High temperatures were in the 80s with lows in the 40s. Precipitation was below half an inch.  Winter wheat was cut and baled. Many cotton producers were applying herbicides and preparing fields. Alfalfa and forage wheat fields looked excellent. Producers continued to have issues with alfalfa weevils. Cotton acres were pre-irrigated. Pecan orchards were being irrigated as well. Producers continued to feed livestock and wildlife.


Weather was relatively warm, with rain and colder temperatures late in the week. Winter wheat was in mostly good to excellent condition. Most fields reached the heading stage. Grain and forage sorghum plantings were underway, as were field preparations for cotton planting. Rangeland and pasture conditions were improving. Livestock were in fair condition, and there was a slight increase in cattle prices.


Heavy rain saturated the ground. Soil moisture conditions were adequate to surplus. Grasses were growing well. Rangeland and pasture ratings were poor to excellent with good ratings most common.


Storms delivered trace amounts up to 5 inches of rain. High winds were also reported, but crops should recover well. Pasture and rangeland conditions looked good. Fertilizer was being applied. Producers started planting haygrazers and milo. Livestock looked good. Market prices were fluctuating. Spring sheep shearing continued. Lambs and kids were growing well.


Mild weather conditions and very short to adequate soil moisture levels were reported. Temperatures were in the 90s in some areas. Scattered rains were reported around the county. Frio County reported 1-2 inches of rainfall throughout, while Kleberg and Kennedy counties reported trace amounts of rainfall. Zapata County reported 1-6 inches of scattered rain throughout the week. In Atascosa County, conditions were favorable for corn, cattle and forages. Strawberry producers were harvesting. Cotton planting started in Frio County. Planted cotton fields in other areas were emerging. Sesame fields were planted, and some had emerged. Wheat and oats around the district were in good condition, and grain heads were starting to mature. Dryland wheat and oat yields were expected to be well below average due to dry conditions. Watermelon transplants were planted. Pasture and rangeland conditions continued to improve, and supplemental feeding was declining. Food plots of sunflowers and milo were starting to emerge. Bunch grasses were growing substantially, which helps as cover for wildlife. Pecan orchards were in good shape. Cabbage harvests were somewhat active. Onion harvest continued. Spinach harvest was expected to end soon. Producers in Zapata County were still providing supplemental feed, hauling water and culling herds. Hay prices were $80-$100 per round bale. Seed prices for haygrazer increased in some areas. Some producers had planted their hay fields.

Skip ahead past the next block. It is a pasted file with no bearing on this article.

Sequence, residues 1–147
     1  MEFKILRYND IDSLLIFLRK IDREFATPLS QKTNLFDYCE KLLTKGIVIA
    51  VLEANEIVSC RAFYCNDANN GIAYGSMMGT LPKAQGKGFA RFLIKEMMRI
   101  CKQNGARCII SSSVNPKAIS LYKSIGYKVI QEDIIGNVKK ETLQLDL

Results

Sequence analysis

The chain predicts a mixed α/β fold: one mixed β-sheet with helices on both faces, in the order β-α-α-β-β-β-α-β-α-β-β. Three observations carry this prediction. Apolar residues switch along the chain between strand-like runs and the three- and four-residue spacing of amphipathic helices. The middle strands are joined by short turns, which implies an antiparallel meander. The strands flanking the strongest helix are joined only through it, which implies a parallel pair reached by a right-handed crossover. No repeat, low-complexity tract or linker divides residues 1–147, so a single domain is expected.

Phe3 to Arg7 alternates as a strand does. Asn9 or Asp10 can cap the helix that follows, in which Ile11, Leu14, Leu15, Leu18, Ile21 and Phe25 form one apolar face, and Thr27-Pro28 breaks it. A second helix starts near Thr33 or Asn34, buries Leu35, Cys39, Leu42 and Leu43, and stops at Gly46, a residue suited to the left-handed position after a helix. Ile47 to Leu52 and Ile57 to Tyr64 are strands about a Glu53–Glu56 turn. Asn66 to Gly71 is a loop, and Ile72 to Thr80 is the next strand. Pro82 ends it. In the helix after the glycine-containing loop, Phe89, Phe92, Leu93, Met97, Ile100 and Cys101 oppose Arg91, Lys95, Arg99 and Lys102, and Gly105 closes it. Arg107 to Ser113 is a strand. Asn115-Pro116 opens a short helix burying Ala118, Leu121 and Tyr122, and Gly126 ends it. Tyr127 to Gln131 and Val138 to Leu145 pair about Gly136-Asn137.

Source: Adam Russell, Texas AgriLife Extension